I had it all planned out.

Except I didn’t get accepted.  

That was one of those times where I thought I was destined to be a failure.  I even thought I should just quit college and go back home.  I was never going to get an internship much less a full time position so why even waste my time.  

To add insult to injury, a week later, a director for one of those Big 4 told me point blank that I “would never get an internship with any of the Big 4 without the PPA”.

I was crushed.  

I gave myself 1 afternoon to throw a 1 person pity party.  I was allowed to cry, yell, blame, accuse, and anything else I wanted to do but for only 1 afternoon.

When I was done I realized that those in the application committee didn’t really know me.  They just saw some application and probably based their decision on some GPA they saw and that’s it.  

Just because they could decide on a particular point in my life didn’t mean they could decide on my whole life.  

Just because I didn’t get into the PPA didn’t mean I couldn’t get an internship or a full time job with one of the Big 4.  

All it meant was that I had to take a different route.

Two months later I had an internship with one of the Big 4 beating out several hundred of those PPA students.  When I graduated, I had my choice of doing industry or Big 4 and I chose industry.  3 years after that I went back to Big 4.  Why?  Because I could.

I had made my own path.

  1. You may not be right for the Opportunity or the opportunity not be right for you

Oftentimes we don’t go get what we want and instead just grab what we’re handed.  It’s an easy and practical way to go through life.  Particularly if we were raised with this “Be grateful for what you have” mantra.  

If someone offers you a job, you take it without negotiating a salary or without firs figuring out if it’s right for you.

If someone asks you out, you automatically say yes since you don’t have anything else to do.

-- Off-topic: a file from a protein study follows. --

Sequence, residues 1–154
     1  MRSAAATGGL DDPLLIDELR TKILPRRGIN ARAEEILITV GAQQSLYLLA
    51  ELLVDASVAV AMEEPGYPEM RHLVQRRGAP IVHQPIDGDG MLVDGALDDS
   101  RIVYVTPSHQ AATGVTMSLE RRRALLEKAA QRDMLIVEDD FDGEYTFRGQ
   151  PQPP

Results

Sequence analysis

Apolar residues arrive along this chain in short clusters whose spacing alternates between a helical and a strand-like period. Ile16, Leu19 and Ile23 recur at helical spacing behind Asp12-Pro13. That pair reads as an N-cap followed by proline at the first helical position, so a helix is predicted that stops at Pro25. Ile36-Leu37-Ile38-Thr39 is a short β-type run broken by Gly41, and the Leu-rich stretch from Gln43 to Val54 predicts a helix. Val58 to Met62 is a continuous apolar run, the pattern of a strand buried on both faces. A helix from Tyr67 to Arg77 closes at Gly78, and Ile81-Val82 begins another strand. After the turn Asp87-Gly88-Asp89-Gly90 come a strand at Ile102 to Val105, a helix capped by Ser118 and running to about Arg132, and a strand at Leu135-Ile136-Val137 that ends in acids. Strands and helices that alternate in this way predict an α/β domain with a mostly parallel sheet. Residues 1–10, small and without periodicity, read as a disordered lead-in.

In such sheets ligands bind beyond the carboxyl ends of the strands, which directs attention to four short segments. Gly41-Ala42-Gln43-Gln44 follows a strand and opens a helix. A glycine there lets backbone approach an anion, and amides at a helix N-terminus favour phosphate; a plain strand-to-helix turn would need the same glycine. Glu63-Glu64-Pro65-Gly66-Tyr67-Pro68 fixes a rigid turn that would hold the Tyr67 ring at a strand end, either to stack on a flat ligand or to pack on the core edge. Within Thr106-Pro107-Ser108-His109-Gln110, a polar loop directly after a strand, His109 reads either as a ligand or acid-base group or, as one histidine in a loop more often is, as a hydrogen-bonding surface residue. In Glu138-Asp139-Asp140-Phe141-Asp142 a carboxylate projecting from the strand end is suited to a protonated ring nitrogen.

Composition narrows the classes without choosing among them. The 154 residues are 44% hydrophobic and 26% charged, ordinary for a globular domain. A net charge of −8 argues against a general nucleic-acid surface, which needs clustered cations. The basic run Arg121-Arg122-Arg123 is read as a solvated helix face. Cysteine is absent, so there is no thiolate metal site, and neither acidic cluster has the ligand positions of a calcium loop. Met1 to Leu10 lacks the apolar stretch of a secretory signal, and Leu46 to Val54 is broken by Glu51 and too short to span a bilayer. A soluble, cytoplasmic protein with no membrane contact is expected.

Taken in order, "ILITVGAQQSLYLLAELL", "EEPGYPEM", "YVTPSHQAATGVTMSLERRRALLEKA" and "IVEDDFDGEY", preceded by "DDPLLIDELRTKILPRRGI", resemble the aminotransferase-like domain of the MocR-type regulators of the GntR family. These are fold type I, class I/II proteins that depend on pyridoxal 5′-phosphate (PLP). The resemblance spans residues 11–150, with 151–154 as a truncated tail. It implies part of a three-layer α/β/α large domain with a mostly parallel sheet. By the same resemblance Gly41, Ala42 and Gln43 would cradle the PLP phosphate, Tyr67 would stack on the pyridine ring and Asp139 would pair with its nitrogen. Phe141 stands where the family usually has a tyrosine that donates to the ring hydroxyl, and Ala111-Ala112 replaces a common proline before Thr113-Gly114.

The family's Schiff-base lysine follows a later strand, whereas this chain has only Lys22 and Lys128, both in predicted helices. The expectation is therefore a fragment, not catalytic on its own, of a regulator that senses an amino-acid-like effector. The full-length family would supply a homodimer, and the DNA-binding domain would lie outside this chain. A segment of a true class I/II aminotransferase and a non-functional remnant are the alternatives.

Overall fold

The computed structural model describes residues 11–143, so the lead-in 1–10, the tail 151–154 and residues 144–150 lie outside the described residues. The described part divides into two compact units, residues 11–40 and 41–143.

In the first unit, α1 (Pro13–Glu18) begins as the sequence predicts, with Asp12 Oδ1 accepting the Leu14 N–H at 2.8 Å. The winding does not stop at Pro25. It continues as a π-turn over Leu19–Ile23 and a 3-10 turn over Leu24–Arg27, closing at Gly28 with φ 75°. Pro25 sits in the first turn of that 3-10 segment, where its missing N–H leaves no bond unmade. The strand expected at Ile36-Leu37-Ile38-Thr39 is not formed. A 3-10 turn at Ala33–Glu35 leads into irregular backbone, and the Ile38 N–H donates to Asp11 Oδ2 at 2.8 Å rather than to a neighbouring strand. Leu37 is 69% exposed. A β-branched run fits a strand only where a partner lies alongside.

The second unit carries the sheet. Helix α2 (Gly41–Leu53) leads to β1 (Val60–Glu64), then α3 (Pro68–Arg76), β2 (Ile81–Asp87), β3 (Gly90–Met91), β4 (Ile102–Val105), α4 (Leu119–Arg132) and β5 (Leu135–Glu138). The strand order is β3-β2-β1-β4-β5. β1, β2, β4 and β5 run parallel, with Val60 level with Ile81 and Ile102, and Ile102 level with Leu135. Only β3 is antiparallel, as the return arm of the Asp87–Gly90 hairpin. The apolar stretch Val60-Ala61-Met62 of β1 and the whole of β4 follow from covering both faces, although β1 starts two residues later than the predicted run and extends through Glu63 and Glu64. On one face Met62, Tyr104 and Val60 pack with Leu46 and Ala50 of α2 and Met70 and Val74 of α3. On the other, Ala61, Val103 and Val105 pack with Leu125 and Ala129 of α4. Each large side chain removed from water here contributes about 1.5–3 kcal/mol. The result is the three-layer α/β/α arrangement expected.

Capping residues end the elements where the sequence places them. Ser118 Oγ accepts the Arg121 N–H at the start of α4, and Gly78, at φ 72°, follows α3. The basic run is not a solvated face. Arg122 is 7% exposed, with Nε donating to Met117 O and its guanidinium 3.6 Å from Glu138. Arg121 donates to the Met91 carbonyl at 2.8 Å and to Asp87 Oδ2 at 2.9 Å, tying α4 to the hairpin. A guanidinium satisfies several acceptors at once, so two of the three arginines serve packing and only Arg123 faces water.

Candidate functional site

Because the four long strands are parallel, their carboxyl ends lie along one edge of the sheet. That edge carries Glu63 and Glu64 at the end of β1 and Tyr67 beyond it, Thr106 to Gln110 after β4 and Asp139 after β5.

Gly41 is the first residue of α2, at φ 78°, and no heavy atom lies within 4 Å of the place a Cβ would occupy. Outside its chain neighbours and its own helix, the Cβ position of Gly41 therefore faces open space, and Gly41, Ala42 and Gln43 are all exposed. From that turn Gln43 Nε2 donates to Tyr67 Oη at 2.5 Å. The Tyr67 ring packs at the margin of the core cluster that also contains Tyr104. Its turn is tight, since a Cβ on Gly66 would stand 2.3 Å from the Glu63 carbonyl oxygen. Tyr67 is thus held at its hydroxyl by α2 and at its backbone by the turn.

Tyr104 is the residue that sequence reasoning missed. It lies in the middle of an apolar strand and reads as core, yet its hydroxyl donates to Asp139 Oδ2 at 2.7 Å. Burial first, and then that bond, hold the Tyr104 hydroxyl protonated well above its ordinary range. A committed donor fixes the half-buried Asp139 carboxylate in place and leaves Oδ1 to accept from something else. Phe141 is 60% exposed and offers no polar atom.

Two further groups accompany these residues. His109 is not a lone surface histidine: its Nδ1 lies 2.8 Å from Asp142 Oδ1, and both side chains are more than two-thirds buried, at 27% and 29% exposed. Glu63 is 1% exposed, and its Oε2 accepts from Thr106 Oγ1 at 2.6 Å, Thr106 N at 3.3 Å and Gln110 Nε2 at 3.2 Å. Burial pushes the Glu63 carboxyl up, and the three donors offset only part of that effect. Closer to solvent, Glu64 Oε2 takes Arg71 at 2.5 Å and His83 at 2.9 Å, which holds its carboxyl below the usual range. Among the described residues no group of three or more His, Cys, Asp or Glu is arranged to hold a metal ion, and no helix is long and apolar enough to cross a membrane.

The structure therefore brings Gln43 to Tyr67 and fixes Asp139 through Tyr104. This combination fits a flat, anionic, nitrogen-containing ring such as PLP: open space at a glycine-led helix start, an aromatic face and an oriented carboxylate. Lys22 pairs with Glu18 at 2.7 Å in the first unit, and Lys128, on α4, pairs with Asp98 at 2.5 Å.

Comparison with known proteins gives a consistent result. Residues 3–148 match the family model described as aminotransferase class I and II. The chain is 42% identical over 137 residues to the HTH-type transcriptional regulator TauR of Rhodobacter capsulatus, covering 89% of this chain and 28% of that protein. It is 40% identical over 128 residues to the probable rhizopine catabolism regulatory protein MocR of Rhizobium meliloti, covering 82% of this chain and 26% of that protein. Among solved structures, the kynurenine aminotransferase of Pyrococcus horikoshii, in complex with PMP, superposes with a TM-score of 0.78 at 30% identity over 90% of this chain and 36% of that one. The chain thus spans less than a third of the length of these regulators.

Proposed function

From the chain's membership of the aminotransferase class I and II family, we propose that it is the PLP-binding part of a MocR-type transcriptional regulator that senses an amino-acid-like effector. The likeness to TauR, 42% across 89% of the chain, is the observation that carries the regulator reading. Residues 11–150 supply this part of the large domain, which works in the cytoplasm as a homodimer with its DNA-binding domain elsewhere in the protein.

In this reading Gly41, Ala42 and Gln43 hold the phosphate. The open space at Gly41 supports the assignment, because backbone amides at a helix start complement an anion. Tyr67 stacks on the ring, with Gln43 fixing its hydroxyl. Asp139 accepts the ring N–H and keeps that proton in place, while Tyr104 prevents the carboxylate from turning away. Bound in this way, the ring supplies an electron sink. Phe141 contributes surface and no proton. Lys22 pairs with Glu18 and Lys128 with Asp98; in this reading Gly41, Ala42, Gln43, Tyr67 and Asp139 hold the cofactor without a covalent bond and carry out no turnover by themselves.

If a client has a project that’s not interesting to you or doesn’t pay what you want to get paid,  you still take it because money is money.

We all go through similar situations every day where instead of getting what we want, we get what’s given to us.  

I’m going to tell you something that’s helped me improve my life and in a weird way improve the opportunities that come to me.

I started saying “No”

I become more selective with what I did, with whom, for whom, and why.  I used to attend every event I was invited to, go over everyone’s resume (for free), and generally just say yes to anything that was offered to me.  

I started to realize that this wasn’t helping me.  I was spreading myself too thin and I was doing projects that didn’t interest me.  This prevented me from helping people who really valued me, my knowledge, and the results I can get for them.  

By the way, I’ve coached several entrepreneurs to help them build their confidence and learn how to better value themselves and their services.  Do you know anyone that could use my help? Forward them this email.

Nowadays, I say “No” more often than I say yes and I am definitely more happier.  Which brings me to my next point….

  1. Being Rejected is Liberating.  It allows you to move on and focus on other opportunities

Being told “No” is not as bad as it sounds.  Knowing that an opportunity is no longer on the table frees you from having to worry/think/focus on it and move on to the next one.  

The position has been filled?  Great.  I can start focusing my energy on another position instead of taking up mental space on a position that is no longer available.  

This is a version of “failing fast”.  The idea behind “failing fast” is that the sooner you find out something isn’t working, you move on to the next idea/plan.  No need to spin your wheels on something that isn’t going anywhere.  

Here is a little 3 step formula for this process:

  1. Call them

  2. Get an Answer

  3. Move on

What are your thoughts?  Do you feel like the fear of hearing a “No” keeps you from finding out?  Do you think waiting several days before checking your lottery ticket helps?  

Let me know.  I want to know what you think. I read every email. Promise!

Be Bold!

Ramon

PS: This is one of the questions I answer in my new book that's coming out next month.  I'll give you details on what it covers and pre sale pricing next week.